Hawaii’s ballistic missile scare earlier this month took the Hawaii Emergency Management Agency 38 minutes to correct. It took the state’s governor 17 minutes to tell everyone it was fake on Twitter — which, while faster, still isn’t ideal.
Now we know the explanation: Gov. David Ige didn’t know his Twitter password.
Ige, after delivering his State of the State address on Monday, told reporters the reason it took him nearly 20 minutes to tweet, “There is NO missile threat,” is that he didn’t have his ducks in a row, password-wise. “I have to confess that I don’t know my Twitter account log-ons and the passwords, so certainly that’s one of the changes I made,” the Hawaii Democrat told the Honolulu Star Advertiser. “I’ve been putting that on my phone so that we can access the social media directly.”
Hawaii’s Emergency Management Agency mistakenly sent an alert at 8:07 am Pacific time on Saturday, January 13, warning of a ballistic missile threat inbound to the state. Ige sent out his tweet saying there was no threat at 8:24 am Pacific.
Rep. Tulsi Gabbard (D-HI) beat him to it by five minutes.
The accidental alert, which officials have said was the fault of a single employee pushing the “wrong button,” sent panic across Hawaii across the state of Hawaii earlier this month. “BALLISTIC MISSILE THREAT INBOUND TO HAWAII. SEEK IMMEDIATE SHELTER. THIS IS NOT A DRILL,” a message, sent to thousands of phones and flashed on television, said.
The alert has raised questions about emergency alert system processes and nuclear preparedness across the country. How could something like that happen because of a single human error, especially in light of tensions between the United States and North Korea and global nuclear proliferation?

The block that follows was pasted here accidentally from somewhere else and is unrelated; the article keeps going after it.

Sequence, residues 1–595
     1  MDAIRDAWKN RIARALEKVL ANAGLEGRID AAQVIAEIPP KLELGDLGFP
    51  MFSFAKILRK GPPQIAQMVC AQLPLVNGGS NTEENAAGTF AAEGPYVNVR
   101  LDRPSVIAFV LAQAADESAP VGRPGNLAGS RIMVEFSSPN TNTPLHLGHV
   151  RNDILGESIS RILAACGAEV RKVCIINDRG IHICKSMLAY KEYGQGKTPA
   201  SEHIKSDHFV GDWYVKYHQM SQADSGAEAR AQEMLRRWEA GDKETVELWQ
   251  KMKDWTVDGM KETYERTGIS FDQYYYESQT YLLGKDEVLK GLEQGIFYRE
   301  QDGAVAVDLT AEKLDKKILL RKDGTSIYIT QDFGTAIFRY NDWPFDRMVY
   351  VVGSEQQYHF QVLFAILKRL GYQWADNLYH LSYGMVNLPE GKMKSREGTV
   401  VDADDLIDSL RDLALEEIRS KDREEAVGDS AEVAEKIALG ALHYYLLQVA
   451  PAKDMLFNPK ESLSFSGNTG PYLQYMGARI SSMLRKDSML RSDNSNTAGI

“Everything is on hair trigger, so any possible mistake is very unsettling, to say the least,” Irwin Redlener, director of the National Center for Disaster Preparedness at Columbia University, told me earlier this month. “It reminds us how precarious the nuclear age is on so many levels, and it’s really unsettling.”
Hawaiian officials told the New York Times soon after the incident that a new procedure has been implemented requiring two people to sign off before an alert like Saturday’s is sent, and the Hawaii Emergency Management Agency released a timeline of events surrounding the alert.
In a statement after the incident, Ige apologized for the incident and promised to get to the bottom of it. “The Hawai‘i Emergency Management Agency is committed to protecting the people of Hawai‘i, and over the past year it has been taking responsible measures to prepare for the highly unlikely event of a missile attack,” he said, in part. “As a state government, we must learn from this unfortunate error and continue to prepare for any safety threat to Hawai‘i’s residents and visitors – whether it is a man-made threat or a natural disaster such as a hurricane or tsunami.”
He also tweeted out the statement. As mentioned, he’s figured out his password. (Let’s hope he also has two-factor authentication to make him harder to hack.)